Chevalier de Méré's Problem

A 17th century gambler, the Chevalier de Méré, made it to history by turning to Blaise Pascal for an explanation of his unexpectd losses. Pascal combined his efforts with his friend Pierre de Fermat and the two of them laid out mathematical foundations for the theory of probability.

Gamblers in the 1717 France were used to bet on the event of getting at least one 1 (ace) in four rolls of a dice. As a more trying variation, two die were rolled 24 times with a bet on having at least one double ace. According to the reasoning of Chevalier de Méré, two aces in two rolls are 1/6 as likely as 1 ace in one roll. (Which is correct.) To compensate, de Méré thought, the two die should be rolled 6 times. And to achieve the probability of 1 ace in four rolls, the number of the rolls should be increased four fold - to 24. Thus reasoned Chevalier de Méré who expected a couple of aces to turn up in 24 double rolls with the frequency of an ace in 4 single rolls. However, he lost consistently.


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Copyright © 1996-2018 Alexander Bogomolny

Chevalier de Mere's Problem

Compare two problems:

  1. What is the probability of having at least one 1 in four rolls of a dice?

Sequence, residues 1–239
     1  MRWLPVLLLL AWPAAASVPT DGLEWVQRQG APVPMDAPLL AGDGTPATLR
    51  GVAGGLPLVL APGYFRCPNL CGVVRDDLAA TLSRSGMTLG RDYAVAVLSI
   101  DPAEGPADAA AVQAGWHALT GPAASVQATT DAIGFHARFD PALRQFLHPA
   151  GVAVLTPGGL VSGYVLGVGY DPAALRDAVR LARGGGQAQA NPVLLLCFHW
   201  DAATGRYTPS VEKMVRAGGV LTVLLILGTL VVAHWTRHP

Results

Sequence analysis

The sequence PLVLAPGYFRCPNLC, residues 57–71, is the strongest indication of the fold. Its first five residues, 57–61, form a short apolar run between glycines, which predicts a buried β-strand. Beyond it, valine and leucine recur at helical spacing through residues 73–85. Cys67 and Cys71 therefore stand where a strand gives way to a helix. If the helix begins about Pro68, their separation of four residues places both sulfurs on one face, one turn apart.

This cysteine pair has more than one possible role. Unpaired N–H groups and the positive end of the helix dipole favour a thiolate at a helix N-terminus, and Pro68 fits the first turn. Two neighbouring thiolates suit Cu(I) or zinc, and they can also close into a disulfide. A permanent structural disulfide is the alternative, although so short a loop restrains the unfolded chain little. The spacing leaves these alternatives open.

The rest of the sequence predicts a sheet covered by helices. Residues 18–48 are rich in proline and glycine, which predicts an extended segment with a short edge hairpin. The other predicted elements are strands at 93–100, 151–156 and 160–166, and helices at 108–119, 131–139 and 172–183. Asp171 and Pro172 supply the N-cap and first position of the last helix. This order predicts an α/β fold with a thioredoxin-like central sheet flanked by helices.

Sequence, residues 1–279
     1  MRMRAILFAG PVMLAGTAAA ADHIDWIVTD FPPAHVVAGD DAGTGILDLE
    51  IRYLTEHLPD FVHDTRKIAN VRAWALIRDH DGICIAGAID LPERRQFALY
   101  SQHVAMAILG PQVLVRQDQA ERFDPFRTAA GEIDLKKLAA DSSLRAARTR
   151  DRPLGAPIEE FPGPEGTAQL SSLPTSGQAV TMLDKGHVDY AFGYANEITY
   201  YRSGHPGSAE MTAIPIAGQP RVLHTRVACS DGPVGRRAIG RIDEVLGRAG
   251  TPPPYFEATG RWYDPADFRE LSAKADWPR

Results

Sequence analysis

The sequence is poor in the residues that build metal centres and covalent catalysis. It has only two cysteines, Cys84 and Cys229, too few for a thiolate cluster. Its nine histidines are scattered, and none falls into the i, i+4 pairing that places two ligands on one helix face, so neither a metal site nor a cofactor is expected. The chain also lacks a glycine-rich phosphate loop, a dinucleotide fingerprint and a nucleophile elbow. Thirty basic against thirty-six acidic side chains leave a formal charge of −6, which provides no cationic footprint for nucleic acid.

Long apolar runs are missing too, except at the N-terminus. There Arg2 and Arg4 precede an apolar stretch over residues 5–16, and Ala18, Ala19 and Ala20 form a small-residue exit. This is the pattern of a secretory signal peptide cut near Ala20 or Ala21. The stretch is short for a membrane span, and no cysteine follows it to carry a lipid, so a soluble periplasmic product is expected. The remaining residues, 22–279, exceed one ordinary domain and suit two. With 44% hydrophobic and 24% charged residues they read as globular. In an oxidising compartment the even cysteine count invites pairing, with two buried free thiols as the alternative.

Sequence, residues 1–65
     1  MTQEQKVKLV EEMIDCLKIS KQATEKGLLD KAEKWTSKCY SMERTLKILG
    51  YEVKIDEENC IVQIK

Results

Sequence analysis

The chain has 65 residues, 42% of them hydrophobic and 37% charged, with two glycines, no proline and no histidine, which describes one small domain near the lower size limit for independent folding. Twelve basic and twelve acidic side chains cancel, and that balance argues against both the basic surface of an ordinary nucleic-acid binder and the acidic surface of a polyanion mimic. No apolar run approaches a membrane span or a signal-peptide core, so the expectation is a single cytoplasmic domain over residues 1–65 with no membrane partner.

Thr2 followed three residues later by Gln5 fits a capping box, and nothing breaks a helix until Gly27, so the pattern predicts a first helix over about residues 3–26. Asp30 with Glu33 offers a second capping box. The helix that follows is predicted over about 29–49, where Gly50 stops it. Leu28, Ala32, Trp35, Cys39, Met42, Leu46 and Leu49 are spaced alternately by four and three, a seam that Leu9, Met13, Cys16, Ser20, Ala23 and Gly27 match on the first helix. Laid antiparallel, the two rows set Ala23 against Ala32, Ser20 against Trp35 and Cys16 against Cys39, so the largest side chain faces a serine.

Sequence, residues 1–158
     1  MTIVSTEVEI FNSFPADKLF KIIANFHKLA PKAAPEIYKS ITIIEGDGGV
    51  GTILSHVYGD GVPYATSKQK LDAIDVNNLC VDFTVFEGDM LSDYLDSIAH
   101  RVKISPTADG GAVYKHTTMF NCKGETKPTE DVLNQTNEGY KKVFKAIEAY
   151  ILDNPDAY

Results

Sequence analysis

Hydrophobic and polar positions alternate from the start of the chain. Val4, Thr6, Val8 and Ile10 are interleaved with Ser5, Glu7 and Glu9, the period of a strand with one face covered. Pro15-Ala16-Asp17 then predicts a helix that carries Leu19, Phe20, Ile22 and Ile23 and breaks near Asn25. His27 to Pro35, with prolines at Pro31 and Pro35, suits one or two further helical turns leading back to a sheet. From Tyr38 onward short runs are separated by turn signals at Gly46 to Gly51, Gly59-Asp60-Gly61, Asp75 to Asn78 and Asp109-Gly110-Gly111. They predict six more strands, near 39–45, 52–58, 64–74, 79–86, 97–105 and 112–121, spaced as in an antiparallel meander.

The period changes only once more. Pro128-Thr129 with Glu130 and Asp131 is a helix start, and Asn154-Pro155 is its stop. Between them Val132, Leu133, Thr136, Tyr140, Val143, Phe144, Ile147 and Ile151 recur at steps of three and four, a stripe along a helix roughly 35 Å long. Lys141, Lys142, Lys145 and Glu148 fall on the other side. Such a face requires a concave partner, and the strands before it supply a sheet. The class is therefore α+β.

2. What is the probability of having at least one double 1 in 24 rolls of two die?

Solution to Problem 1

Four rolls of a dice may have one of 64 equiprobable outcomes. Of these, 54 are unfavorable leaving (64 - 54) favorable for the bet. The probability of getting at least 1 ace is then

(64 - 54) / 64= (1296 - 625) / 1296
 = 671 / 1296
 ≈ 0.5177 ...
 > 0.5

showing that the odds are in favor of the bettor.

Solution to Problem 2

One double roll has 36 equiprobable out comes of which 35 are unfavorable to the bet. In 24 rolls there are 3624 possible outcomes of which only (3624 - 3524) are favorable. Thus the probability of winning the bet equals

(3624 - 3524) / 3624= 1 - (35/36)24
 ≈ 1 - 0.5086
 = 0.4914
 < 0.5.


  1. J. Bewersdorff, Luck, Logic & White Lies, A K Peters, 2005
  2. R. Falk, Understanding Probability and Statistics, A K Peters, 1993

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Copyright © 1996-2018 Alexander Bogomolny